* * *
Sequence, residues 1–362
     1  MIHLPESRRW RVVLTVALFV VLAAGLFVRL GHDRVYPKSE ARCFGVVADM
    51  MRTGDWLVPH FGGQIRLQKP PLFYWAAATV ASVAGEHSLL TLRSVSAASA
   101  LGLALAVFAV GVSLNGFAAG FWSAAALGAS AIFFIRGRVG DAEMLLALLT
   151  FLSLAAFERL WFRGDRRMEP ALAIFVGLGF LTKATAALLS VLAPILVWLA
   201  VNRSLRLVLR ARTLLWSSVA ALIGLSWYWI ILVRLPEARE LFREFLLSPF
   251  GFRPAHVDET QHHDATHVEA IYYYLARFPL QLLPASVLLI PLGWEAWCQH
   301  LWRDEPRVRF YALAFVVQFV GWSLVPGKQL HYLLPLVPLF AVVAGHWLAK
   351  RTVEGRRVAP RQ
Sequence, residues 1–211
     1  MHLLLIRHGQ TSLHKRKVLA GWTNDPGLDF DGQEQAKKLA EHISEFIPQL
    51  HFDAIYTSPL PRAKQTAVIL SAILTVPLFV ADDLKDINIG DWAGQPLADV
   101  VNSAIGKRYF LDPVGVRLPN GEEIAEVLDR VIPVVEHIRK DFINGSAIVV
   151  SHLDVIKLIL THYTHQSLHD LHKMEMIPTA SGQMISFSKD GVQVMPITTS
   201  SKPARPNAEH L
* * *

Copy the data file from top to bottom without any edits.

Sequence, residues 1–362
     1  MIHLPESRRW RVVLTVALFV VLAAGLFVRL GHDRVYPKSE ARCFGVVADM
    51  MRTGDWLVPH FGGQIRLQKP PLFYWAAATV ASVAGEHSLL TLRSVSAASA
   101  LGLALAVFAV GVSLNGFAAG FWSAAALGAS AIFFIRGRVG DAEMLLALLT
   151  FLSLAAFERL WFRGDRRMEP ALAIFVGLGF LTKATAALLS VLAPILVWLA
   201  VNRSLRLVLR ARTLLWSSVA ALIGLSWYWI ILVRLPEARE LFREFLLSPF
   251  GFRPAHVDET QHHDATHVEA IYYYLARFPL QLLPASVLLI PLGWEAWCQH
   301  LWRDEPRVRF YALAFVVQFV GWSLVPGKQL HYLLPLVPLF AVVAGHWLAK
   351  RTVEGRRVAP RQ
Sequence, residues 1–211
     1  MHLLLIRHGQ TSLHKRKVLA GWTNDPGLDF DGQEQAKKLA EHISEFIPQL
    51  HFDAIYTSPL PRAKQTAVIL SAILTVPLFV ADDLKDINIG DWAGQPLADV
   101  VNSAIGKRYF LDPVGVRLPN GEEIAEVLDR VIPVVEHIRK DFINGSAIVV
   151  SHLDVIKLIL THYTHQSLHD LHKMEMIPTA SGQMISFSKD GVQVMPITTS
   201  SKPARPNAEH L